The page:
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Frameworks, Cases, and Experiments: Bridging Theory with Practice

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image of International Negotiation

A theory-oriented approach to teaching and training about negotiation is discussed in this article. Following the flow of a course taught on several continents, I emphasize the value of conceptualizing about the negotiating experience. This is done with concepts, metaphors, frameworks, and research findings summarized in the form of a set of narratives. A series of exercises bring the concepts to life. These include the difference between negotiating values and interests, designing scenarios, and enacting the negotiating functions of analyst, strategist, and designer. Students are also given an opportunity to perform as negotiators and observers in a complex multi-issue negotiation involving security issues similar to those discussed recently between the U.S. and Iraq. They are provided with a research experience that entails coding selected peace agreements for distributive and procedural justice as well as for the durability of those agreements. Lessons learned are generated in de-briefings of the exercises. They are also discussed in a final class where students’ insights, gained from comparative case analyses, are organized by the framework introduced during earlier classes.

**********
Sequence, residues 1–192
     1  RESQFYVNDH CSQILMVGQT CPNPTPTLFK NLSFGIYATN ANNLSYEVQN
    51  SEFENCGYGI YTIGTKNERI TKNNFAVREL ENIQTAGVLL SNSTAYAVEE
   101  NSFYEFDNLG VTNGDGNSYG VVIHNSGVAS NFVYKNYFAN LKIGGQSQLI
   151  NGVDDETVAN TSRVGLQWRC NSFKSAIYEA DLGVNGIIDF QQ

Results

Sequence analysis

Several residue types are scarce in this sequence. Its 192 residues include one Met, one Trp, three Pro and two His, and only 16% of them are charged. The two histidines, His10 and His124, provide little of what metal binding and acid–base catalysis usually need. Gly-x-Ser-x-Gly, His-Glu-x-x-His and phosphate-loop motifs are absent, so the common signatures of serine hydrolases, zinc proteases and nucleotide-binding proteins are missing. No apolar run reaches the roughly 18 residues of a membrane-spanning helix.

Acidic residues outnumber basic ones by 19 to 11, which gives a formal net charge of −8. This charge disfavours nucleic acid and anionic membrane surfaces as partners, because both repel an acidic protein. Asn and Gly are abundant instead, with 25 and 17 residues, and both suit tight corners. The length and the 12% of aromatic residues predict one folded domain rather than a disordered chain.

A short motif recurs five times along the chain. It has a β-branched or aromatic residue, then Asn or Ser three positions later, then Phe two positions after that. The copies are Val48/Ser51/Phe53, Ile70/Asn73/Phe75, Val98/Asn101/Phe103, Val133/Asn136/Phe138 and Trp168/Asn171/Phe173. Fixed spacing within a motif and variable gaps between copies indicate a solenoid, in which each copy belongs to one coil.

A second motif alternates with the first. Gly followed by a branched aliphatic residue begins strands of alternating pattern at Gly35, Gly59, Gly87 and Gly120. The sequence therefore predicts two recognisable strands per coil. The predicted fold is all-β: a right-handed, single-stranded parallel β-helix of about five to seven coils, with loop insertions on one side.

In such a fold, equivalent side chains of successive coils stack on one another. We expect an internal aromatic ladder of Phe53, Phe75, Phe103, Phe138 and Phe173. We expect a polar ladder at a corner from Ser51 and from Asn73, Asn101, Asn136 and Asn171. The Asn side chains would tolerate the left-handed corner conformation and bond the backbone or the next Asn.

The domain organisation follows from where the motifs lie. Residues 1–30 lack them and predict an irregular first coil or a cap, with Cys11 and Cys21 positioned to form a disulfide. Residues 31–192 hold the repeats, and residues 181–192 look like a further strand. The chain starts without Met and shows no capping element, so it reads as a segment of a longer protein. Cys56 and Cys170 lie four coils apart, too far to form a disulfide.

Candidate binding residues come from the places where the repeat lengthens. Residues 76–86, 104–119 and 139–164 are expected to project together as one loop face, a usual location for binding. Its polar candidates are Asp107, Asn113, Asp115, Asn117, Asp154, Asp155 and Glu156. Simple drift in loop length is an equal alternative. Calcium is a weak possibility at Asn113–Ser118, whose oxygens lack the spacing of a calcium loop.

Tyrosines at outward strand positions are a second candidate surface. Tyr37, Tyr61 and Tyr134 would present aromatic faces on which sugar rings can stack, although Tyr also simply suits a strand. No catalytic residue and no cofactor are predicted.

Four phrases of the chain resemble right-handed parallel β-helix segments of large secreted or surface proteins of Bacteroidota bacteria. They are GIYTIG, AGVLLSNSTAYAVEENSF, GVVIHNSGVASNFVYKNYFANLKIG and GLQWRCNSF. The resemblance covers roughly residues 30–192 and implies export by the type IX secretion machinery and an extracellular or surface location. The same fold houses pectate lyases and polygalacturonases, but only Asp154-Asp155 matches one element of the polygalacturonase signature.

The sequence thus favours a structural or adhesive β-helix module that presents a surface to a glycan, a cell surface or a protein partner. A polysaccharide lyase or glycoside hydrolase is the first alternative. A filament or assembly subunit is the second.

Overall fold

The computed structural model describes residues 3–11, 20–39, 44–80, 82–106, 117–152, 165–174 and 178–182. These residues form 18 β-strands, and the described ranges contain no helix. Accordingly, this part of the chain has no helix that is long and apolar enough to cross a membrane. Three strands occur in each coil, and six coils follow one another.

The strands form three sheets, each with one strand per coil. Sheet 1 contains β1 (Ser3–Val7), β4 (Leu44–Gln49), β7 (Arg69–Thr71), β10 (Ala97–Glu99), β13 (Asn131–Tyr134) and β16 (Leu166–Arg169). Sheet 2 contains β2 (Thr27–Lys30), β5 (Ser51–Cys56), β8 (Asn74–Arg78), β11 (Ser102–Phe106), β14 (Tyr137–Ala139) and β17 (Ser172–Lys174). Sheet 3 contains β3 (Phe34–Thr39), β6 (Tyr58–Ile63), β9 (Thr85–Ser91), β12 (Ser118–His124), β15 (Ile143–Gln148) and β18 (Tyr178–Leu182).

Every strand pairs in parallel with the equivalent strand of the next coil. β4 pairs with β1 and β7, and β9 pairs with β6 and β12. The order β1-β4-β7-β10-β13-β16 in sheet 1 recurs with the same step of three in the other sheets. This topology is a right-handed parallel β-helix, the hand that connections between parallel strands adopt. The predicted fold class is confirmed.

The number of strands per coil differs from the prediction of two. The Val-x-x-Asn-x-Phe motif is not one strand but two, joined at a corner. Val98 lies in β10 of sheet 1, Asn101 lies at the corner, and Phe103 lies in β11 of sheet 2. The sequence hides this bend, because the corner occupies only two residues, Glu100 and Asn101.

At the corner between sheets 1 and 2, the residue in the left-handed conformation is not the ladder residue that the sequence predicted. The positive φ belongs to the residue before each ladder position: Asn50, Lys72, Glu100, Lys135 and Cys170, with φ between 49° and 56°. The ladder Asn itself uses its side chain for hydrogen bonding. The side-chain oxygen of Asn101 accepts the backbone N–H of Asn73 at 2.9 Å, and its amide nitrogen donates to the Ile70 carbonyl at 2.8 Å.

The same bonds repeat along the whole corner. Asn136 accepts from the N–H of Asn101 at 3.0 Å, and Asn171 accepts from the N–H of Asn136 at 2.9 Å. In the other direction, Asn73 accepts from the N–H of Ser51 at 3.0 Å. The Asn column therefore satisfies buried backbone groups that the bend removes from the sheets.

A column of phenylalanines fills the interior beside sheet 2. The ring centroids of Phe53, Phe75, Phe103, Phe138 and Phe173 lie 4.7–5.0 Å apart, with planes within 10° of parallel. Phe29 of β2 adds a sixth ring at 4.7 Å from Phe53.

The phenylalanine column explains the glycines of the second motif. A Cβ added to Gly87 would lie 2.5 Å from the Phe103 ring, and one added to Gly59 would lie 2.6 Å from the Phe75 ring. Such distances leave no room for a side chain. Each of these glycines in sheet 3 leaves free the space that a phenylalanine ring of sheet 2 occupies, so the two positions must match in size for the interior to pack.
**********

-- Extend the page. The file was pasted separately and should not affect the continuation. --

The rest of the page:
Affiliations: 1: Department of Public and International Affairs, George Mason University Fairfax, VA 22030 USA, Email:


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